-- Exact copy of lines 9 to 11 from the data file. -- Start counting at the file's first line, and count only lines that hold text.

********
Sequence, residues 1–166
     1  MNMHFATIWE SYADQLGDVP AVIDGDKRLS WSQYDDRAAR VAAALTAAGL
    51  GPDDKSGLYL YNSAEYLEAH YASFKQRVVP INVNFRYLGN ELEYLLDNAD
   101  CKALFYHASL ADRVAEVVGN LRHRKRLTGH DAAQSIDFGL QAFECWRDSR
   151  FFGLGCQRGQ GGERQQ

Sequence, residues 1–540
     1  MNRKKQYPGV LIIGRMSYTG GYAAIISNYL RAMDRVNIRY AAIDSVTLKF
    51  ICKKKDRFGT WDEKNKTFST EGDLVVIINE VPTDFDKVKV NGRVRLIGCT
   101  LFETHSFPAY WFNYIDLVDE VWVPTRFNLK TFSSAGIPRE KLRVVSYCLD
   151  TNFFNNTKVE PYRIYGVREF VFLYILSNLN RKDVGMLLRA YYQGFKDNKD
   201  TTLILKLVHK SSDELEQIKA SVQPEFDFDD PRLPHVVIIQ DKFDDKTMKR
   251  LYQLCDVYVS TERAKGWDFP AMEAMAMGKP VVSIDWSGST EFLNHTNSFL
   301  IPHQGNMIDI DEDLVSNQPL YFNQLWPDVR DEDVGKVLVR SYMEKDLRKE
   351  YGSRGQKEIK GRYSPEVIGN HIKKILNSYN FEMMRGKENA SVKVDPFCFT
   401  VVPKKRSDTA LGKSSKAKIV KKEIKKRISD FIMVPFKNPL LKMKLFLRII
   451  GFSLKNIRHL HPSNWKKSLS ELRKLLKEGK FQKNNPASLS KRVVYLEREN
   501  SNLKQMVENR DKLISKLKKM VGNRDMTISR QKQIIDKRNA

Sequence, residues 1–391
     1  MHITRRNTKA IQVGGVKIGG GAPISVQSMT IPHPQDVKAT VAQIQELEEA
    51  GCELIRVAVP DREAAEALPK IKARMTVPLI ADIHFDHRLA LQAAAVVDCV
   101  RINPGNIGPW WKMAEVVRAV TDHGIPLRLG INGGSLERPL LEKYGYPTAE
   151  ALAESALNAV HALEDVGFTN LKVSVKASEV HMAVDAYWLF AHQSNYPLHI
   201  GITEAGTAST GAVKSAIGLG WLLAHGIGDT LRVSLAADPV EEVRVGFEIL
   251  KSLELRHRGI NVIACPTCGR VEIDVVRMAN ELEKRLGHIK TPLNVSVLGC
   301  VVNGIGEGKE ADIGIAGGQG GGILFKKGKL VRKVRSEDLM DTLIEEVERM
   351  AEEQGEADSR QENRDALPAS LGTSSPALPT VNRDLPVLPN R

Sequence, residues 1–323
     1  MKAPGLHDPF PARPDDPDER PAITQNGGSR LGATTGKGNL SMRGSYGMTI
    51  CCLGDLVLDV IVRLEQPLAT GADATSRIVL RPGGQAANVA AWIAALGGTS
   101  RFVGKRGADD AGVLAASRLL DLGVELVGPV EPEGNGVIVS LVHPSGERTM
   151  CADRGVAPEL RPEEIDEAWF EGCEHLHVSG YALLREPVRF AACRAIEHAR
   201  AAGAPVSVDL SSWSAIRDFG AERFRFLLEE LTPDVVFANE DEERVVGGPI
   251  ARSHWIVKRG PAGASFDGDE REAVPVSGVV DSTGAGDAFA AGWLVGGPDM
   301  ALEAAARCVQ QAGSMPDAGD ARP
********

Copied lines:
   101  LFETHSFPAY WFNYIDLVDE VWVPTRFNLK TFSSAGIPRE KLRVVSYCLD
   151  TNFFNNTKVE PYRIYGVREF VFLYILSNLN RKDVGMLLRA YYQGFKDNKD
   201  TTLILKLVHK SSDELEQIKA SVQPEFDFDD PRLPHVVIIQ DKFDDKTMKR